The role of family networks and social capital on women's fertility intentions in Ouagadougou, Burkina Faso

Moussa Bougma, Institut Supérieur des Sciences de la Population (ISSP)
Clémentine Rossier, University of Geneva, Institute of demography and Socioeconomics

In Ouagadougou, transfers within family networks provide an omnipresent means for coping with life's difficulties, and the desired number of children remains high. The role of family networks in maintaining high fertility is rarely studied however for lack of data in conventional demographic surveys. This study uses original data and logistic regression methods to explore the role of the extended family's social capital in shaping women's desire for children in Ouagadougou. Results show that women belong to three types of family networks: 1) women who belong to large family networks on both her own and her husband's side and who maintain a moderate number of close relations with their own relatives; 2) women who belong to large family networks but who maintain a greater number of close relations with their own blood relatives; 3) unmarried women with relatives only on their side and numerous close relations with their family. Women in type 2 networks are more likely to want additional children compared to women in type 1 networks, after controlling for economic resources in networks. This result suggests that practical support provided by family members could play a role, on top of economic support, in encouraging high fertility in Ouagadougou.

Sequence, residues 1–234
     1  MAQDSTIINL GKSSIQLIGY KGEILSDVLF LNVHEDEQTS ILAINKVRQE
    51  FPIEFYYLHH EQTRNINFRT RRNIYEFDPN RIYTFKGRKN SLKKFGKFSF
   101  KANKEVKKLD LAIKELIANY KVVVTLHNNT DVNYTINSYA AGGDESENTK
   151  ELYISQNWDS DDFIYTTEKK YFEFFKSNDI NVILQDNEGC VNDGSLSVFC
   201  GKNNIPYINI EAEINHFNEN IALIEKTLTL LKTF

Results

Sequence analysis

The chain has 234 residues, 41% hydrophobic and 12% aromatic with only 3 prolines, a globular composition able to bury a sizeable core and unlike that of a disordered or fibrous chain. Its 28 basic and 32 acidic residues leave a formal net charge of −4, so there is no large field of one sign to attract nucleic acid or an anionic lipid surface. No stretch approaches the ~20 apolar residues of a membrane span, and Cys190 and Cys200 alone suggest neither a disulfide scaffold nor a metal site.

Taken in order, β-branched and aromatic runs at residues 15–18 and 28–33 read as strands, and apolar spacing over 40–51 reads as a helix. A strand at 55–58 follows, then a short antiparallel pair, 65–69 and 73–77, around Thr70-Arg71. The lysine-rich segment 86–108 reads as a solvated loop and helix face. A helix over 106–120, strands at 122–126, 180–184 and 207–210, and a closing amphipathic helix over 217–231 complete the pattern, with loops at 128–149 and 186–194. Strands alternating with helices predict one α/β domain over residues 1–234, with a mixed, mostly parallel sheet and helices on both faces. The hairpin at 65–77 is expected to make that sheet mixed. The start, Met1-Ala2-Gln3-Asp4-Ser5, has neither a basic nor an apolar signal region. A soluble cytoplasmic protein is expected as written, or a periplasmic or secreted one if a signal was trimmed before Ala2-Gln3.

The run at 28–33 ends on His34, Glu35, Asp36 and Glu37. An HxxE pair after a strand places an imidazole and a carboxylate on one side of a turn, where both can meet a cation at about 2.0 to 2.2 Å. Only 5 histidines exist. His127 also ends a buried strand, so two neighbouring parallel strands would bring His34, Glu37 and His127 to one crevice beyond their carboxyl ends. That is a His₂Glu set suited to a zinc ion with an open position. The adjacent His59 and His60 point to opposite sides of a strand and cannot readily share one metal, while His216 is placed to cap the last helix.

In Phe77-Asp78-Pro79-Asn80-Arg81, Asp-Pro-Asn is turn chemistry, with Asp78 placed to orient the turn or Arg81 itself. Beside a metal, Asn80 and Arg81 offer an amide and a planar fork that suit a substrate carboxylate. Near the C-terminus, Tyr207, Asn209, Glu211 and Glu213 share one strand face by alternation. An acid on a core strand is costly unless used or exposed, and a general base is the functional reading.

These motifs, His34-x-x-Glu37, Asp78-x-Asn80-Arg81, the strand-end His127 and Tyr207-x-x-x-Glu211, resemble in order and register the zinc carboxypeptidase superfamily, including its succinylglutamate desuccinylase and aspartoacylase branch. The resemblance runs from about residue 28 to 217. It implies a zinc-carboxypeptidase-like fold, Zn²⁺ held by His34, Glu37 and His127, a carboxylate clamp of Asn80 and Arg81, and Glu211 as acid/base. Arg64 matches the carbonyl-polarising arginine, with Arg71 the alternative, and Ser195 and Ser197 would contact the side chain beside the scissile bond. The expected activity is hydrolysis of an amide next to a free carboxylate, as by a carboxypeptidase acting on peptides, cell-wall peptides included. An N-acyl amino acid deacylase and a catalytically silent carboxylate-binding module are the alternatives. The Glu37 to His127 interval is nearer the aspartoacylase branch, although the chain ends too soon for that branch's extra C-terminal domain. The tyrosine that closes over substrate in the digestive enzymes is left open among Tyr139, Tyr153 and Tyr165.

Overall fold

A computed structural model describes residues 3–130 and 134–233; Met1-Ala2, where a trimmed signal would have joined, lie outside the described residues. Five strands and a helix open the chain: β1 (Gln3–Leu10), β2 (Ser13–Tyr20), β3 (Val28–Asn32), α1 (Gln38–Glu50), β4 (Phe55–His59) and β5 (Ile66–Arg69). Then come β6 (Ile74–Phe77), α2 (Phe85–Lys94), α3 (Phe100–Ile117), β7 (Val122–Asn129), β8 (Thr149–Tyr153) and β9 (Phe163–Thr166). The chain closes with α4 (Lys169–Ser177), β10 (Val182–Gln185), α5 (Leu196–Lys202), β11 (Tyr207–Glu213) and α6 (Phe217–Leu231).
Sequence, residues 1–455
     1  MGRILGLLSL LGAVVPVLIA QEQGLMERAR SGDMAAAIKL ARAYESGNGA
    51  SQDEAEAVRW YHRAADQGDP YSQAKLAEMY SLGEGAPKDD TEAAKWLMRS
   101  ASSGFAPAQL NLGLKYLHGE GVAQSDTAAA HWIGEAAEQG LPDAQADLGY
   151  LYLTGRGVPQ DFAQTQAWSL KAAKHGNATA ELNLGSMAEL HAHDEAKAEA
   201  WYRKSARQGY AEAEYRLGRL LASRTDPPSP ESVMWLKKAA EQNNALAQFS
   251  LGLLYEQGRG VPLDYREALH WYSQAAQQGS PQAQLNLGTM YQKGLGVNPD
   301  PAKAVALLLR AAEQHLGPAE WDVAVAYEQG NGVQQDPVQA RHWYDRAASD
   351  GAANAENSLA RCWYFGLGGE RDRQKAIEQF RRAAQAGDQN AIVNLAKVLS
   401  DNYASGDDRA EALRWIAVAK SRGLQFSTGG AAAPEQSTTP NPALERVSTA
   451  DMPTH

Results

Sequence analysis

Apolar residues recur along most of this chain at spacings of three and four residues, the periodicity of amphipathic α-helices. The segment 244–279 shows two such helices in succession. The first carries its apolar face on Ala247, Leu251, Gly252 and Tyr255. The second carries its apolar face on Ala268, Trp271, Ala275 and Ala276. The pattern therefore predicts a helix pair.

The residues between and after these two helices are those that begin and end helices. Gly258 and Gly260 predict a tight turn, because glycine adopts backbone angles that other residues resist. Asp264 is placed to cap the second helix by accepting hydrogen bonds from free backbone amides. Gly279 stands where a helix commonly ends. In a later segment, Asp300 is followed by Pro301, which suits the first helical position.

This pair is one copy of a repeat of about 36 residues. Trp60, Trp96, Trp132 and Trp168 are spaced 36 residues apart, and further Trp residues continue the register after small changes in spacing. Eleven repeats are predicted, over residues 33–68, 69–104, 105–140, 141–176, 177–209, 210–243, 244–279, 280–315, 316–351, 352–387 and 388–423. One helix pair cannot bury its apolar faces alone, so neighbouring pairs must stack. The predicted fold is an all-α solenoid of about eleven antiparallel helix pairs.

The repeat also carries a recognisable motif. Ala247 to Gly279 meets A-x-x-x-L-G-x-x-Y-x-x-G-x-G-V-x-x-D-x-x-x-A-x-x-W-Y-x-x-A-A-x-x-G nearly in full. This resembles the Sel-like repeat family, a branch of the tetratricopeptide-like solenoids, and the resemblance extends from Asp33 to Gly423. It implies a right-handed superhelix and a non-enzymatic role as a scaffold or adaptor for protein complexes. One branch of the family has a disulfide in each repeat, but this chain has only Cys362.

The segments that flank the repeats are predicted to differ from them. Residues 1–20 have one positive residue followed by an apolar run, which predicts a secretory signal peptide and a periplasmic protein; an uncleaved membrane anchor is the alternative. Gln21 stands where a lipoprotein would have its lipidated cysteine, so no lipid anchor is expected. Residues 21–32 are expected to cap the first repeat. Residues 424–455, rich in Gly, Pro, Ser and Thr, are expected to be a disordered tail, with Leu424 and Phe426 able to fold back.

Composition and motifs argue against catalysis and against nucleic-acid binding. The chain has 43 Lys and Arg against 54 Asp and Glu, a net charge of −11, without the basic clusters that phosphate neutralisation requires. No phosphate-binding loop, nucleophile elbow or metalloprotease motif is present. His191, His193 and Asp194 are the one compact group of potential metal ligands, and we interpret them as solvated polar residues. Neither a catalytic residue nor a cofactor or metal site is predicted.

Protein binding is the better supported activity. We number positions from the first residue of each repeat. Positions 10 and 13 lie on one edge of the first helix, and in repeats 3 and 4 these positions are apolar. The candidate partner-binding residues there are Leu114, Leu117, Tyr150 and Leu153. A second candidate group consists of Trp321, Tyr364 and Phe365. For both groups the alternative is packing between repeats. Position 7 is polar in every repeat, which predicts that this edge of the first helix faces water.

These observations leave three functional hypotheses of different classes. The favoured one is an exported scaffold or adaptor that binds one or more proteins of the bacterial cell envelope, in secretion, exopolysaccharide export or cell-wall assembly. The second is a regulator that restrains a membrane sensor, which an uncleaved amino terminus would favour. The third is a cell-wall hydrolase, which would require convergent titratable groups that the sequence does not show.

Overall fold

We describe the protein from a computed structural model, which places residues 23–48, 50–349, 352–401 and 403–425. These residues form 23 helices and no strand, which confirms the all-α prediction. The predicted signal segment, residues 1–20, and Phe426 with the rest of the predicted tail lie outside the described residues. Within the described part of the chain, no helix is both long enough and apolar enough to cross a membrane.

Keywords: Urbanization and urban populations, Fertility and childbirth, Family planning and contraception, Demographic and social surveys

See extended abstract.

  Presented in Session 158. Urban Demography and Segregation